Brian Shactman '90

Year of Graduation: 
Brian Shactman

"I love the privilege of being able to enter people’s worlds and, no matter how foreign, make those connections.”

Hockey, soccer, baseball, football, tennis: athlete Brian Shactman ’90 arrived on campus upper year with serious sports chops. So when he decided senior spring not to play lacrosse, a sport he picked up at Exeter, and audition for Senior Acting Ensemble, his friends were surprised.

In fact, Shactman had long wanted to act, but hadn’t mustered the self-confidence. In his hometown of Swampscott, Massachusetts, he says it felt like you were either a “jock” or a “drama guy” or a “science geek,” not all three. “Exeter was an eye-opener because some of the athletes I looked up to the most were just as talented in a bunch of different things,” he says. Teachers, particularly English Instructor James Valhouli, helped him overcome his academic insecurity and classroom shyness. 

Senior spring, Shactman acted in two productions (“Brechtian atypical stuff,” he remembers). He loved the camaraderie, the character exploration and the shared purpose. “To go from zero to 100, no one knows their lines, then six weeks later you put on a show,” he says. “It was one of the best experiences of my entire life.”

Exeter was so transformative, Shactman decided to pursue teaching. But an encounter with a local newspaper editor spawned a sportswriting gig. Then a chance meeting with a producer at sparked what became a globetrotting television and radio career at ESPN, NBC Connecticut, CNBC, MSNBC, NBC10 Boston and NECN. 

To date, Shactman has covered three Olympic Games, the World Cup, the Super Bowl and the World Series. For his documentary about basketball coach Geno Auriemma he earned the Associated Press Award. He’s anchored and co-anchored shows at MSNBC and CNBC, and covered the presidential primaries for NBC10 Boston and NECN. As lead correspondent, he’s reported on the exotic-animal trade from LaGuardia’s Customs Department, and on lithium-ion batteries from Bolivia’s salt flats (where his crew, stranded at 14,000 feet, was rescued by the Bolivian military).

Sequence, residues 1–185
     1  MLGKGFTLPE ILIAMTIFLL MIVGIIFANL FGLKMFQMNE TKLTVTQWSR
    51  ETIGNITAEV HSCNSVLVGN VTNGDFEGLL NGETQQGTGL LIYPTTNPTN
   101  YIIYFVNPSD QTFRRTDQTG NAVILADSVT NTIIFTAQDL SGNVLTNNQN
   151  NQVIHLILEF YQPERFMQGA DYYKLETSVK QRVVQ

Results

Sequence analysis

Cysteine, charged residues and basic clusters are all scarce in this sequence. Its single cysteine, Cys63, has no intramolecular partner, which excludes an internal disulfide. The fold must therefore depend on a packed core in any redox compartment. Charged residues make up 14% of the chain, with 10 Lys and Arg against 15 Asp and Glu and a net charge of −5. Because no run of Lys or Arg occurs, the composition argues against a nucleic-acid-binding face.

Years later, he still has the bottles of homemade moonshine bestowed on him by workers at a Tennessee farm, where he spent three days reporting for CNBC on cotton prices. “I love meeting people I would never have any business getting to meet,” he says. “I love the privilege of being able to enter people’s worlds and, no matter how foreign, make those connections.”

Nor do the connections end when the set goes dark. “I feel you have to give at least 10% of your time to something that’s not about you,” he says. His teenage mentorship of a boy with Down syndrome ultimately inspired his involvement with Special Olympics. After meeting a local father crusading for his son, Shactman joined the board of Beat Childhood Cancer. He emceed a fundraiser for School on Wheels of Massachusetts, and “loved the mission and people so much” that he joined the board.

At Exeter, he’s fundraised, organized reunions and recently interviewed Tom Steyer ’75 for the Academy’s Creating Conversations series. This May, he is hosting the signature Saturday evening event at Exeter’s virtual reunion celebration. Exeter “changed my life,” Shactman says. “I try to do what I can in kind to help the school.”

Seeking a saner work-life balance, Shactman and family recently moved to Connecticut, where he co-hosts WTIC-AM1080’s “Mornings with Ray and Brian.” He’s hoping to feature front-line workers. His first guest? Tune in for details.

— Juliet Eastland ’86